Website updated: 2/14/18

Waterville Area Chamber of Commerce Awards Kaufman Engineered Systems "Business of the Year"

Business of the Year Award 2014Whether a customer needs a product picked, packed, palletized, de-palletized or shrink-wrapped, Waterville-based Kaufman Engineered Systems can automate the process. A designer and manufacturer of robotic production line automation, Kaufman was named Business of the Year for 2014 by the Waterville Area Chamber of Commerce. “Through their growth and expansion, Kaufman Engineered Systems has helped the community, increasing jobs for Waterville and Northwest Ohio,” said chamber executive director Corina Pfleghaar. “Kaufman has also given charitable support to many area organizations.” When the company was founded in 1946, industrial process heating equipment was its core business. In the 1960s, the focus shifted to shrink-wrap systems. By 1995, when Kaufman built its 60,000-square-foot facility on Waterville-Monclova Road, the company began developing and integrating robotic palletizers and case conveyer systems. A few years later, Kaufman entered into an agreement with Fanuc Robotics to distribute their products. Today, those yellow robotic arms – outfitted with suction cups, pinchers and a variety of other tools – are central to their custom-made production lines.

Walking through the manufacturing floor last week, vice president Nick Kaufman pointed out projects in the works, such as automating the placement of boxes of yogurt onto pallets, a job previously done by manual labor. Similarly, Kaufman recently created a better, automated solution for another client that used to pay two people to place pouches of Craisins into boxes at the end of the line. “For companies to remain and make themselves efficient and competitive, they have to invest in automation,” Nick said. “We’re evolving every day to a more technical world.” So while automating end-of-line production may eliminate some manufacturing jobs, it also opens up a whole spectrum of careers – including jobs for robot programmers and technicians, he said.

Nick encourages youth to pursue technical degrees, including studying in the robotics labs at Michigan Tech and Northwest State Community College. Graduates can then get hands-on training through an internship or hiring into companies like Kaufman, learning how to use the Fanuc software. Inside the research and development lab, Nick pointed to beverage cans neatly shrink-wrapped on pallets. A customer asked Kaufman how to streamline its process of putting several different flavors into combo packs without having to waste cardboard cases and transportation to have them repackaged. Another company is looking for a way to automate its packaging so that a spray wand is attached to a bottle. “When Kaufman is presented with a need, and we’re not 100-percent sure how to get it done, we build a demonstration line and test it, so that we can prove the concept that we believe will work,” Nick said. “Last week, we ran the line and a company rep came in and took a video. When you can show it in the real world, it has quite an impact.” Kaufman invests significant time and resources into research and development, because it brings in new opportunities and wins orders, Nick said. That investment has paid off.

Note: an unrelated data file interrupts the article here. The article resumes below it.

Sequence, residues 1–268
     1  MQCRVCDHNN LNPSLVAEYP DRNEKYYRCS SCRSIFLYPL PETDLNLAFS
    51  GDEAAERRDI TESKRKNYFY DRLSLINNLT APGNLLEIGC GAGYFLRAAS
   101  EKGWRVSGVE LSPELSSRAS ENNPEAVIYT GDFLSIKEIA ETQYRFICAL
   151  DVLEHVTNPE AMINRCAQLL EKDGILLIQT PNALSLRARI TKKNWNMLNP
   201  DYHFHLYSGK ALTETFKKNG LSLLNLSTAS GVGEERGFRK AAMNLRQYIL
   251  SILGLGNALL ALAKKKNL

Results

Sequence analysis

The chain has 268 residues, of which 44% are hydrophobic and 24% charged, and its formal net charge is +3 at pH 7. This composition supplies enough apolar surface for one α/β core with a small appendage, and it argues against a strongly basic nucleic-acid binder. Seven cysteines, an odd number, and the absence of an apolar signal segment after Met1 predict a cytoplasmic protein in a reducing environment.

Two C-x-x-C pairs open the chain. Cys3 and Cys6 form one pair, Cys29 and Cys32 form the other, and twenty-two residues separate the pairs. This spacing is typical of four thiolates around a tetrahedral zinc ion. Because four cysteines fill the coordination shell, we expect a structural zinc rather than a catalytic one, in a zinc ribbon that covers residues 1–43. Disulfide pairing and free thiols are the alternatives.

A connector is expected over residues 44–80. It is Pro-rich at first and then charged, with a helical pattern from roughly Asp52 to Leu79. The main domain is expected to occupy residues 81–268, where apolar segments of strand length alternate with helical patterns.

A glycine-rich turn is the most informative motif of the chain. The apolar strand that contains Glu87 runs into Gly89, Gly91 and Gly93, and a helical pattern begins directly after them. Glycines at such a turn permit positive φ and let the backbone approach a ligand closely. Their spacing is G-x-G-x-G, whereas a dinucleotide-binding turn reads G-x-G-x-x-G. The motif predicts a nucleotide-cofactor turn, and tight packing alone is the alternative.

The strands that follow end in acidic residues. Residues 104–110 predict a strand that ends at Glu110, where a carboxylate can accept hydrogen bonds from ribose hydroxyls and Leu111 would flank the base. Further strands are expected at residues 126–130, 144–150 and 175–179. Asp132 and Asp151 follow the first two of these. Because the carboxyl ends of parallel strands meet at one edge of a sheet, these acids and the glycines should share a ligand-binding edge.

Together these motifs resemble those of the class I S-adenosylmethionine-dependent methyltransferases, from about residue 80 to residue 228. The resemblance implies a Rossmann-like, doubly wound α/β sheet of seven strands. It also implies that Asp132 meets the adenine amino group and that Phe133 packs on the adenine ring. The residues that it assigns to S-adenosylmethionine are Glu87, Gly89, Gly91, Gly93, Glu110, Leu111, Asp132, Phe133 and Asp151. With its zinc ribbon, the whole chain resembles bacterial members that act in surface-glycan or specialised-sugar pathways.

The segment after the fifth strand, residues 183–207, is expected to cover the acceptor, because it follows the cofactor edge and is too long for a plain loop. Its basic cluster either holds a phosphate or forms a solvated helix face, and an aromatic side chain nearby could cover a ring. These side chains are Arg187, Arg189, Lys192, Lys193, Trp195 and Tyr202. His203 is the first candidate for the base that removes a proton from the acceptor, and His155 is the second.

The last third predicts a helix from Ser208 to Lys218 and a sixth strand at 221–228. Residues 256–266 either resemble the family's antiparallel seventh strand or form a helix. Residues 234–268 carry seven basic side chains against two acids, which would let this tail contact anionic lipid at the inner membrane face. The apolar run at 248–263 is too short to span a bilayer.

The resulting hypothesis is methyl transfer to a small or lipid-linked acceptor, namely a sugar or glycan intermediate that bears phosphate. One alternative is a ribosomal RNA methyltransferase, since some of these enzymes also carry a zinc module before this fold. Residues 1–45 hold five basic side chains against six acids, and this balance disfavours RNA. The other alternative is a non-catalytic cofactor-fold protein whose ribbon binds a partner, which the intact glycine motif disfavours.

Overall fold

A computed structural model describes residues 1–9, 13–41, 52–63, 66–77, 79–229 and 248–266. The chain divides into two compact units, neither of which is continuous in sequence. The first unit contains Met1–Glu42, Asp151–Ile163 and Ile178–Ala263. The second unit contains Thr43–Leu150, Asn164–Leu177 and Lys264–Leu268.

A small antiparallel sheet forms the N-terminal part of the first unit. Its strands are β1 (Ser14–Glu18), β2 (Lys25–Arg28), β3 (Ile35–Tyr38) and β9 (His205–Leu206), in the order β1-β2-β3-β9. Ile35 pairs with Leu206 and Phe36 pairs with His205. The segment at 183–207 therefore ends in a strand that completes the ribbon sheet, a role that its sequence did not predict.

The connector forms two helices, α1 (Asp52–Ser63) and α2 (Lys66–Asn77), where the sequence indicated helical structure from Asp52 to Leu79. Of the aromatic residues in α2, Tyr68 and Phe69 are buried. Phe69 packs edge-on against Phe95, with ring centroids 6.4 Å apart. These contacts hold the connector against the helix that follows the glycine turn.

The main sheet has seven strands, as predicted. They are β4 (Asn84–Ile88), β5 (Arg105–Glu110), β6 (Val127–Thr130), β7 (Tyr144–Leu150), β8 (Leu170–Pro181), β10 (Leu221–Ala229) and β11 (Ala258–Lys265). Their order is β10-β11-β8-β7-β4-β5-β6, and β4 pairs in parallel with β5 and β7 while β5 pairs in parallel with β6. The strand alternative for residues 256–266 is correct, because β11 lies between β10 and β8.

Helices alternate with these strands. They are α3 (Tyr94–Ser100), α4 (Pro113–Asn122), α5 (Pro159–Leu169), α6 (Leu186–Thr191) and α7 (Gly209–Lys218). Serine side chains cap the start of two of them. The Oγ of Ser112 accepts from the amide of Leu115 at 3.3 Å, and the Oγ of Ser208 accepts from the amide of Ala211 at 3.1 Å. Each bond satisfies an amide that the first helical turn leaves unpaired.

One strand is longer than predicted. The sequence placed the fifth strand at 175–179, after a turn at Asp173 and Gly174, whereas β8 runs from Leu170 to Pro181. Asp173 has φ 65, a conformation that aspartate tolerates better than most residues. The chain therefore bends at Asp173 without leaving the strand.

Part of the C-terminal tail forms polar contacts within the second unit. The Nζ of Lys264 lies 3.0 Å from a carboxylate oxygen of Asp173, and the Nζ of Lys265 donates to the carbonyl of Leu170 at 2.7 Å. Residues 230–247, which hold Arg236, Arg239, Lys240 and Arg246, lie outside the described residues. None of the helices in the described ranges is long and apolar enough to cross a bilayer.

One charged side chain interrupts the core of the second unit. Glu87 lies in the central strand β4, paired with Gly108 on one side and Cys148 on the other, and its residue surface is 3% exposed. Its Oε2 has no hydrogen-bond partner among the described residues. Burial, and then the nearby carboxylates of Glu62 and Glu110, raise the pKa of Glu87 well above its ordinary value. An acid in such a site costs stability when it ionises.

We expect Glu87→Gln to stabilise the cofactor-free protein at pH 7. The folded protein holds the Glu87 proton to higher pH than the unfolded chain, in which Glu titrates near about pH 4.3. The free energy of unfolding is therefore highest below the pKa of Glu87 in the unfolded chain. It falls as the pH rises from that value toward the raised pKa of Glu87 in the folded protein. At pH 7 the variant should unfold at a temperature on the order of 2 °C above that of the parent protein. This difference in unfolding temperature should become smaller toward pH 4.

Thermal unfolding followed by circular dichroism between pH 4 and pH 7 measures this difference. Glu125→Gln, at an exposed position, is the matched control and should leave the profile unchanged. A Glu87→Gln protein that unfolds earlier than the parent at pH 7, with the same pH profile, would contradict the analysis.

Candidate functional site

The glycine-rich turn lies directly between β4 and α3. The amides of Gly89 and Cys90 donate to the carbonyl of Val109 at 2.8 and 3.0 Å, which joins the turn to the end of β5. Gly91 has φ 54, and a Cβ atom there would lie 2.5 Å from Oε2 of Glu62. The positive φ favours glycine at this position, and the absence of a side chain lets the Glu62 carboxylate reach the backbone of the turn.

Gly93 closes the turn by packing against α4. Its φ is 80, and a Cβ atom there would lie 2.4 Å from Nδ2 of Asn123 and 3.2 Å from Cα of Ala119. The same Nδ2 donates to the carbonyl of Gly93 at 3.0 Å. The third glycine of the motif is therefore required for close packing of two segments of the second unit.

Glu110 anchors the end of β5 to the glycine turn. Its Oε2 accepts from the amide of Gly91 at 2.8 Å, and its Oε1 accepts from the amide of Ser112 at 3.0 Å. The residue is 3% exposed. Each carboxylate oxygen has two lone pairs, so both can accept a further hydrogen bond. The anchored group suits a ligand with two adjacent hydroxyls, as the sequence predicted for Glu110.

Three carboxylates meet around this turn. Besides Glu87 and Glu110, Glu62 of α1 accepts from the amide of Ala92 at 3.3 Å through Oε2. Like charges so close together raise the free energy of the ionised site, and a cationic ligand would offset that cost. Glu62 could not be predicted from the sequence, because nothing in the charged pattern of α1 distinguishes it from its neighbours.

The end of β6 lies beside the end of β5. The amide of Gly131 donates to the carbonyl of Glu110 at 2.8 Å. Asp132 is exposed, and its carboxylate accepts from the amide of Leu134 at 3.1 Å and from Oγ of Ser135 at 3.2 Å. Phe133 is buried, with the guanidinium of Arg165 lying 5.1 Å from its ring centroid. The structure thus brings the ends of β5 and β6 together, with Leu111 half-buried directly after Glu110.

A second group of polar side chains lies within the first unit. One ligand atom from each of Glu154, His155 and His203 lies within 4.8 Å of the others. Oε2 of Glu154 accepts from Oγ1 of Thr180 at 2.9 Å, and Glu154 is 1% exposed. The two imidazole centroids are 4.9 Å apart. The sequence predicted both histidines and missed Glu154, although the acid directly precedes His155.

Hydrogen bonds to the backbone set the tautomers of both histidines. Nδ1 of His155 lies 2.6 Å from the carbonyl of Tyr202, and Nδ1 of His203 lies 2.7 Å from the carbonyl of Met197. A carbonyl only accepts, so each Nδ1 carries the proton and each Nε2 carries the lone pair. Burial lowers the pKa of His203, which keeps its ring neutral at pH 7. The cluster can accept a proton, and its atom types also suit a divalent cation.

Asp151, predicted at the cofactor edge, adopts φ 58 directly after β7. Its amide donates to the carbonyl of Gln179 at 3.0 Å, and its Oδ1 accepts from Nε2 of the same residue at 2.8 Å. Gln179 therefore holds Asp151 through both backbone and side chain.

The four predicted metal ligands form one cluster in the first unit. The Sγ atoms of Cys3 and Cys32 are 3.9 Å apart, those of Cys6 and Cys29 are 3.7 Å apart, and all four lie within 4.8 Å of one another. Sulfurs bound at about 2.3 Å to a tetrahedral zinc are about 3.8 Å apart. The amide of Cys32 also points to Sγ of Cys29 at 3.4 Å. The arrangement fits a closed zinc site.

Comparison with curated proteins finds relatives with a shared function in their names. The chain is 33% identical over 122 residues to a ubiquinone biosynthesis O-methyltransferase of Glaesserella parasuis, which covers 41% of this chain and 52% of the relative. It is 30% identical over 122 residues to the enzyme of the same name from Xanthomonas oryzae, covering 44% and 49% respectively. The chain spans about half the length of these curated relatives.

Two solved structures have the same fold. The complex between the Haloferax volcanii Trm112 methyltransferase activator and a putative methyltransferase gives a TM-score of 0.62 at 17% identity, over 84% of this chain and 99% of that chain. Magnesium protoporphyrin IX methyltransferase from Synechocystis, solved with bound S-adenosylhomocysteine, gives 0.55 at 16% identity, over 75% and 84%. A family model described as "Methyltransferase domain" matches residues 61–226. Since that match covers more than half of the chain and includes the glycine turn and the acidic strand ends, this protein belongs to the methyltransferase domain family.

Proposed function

To date, Kaufman has completed 400 robotic installations. Since 2007, the business has grown over 70 percent. To meet that growth, additional employees were hired, bringing staffing to over 100. Kaufman currently is full at its 30,000-square-foot Fremont facility and at the main headquarters on Waterville-Monclova Road. Two years ago, Kaufman purchased a 10,000-square-foot building across the street, for additional warehousing and offices. While the move across the street freed up some production floor space, Kaufman is still looking to expand. As Nick toured the packed plant floor last week, he maneuvered between new lines that were being assembled. In one corner was a plasma cutter recently added to cut steel plates – a job that was previously outsourced. Nearby, Jim Gordon was assembling a robot, while other employees were welding, machining, assembling and painting parts. “We still send some out, but primary manufacturing happens here,” Nick said, noting that this saves on time and costs to the customer.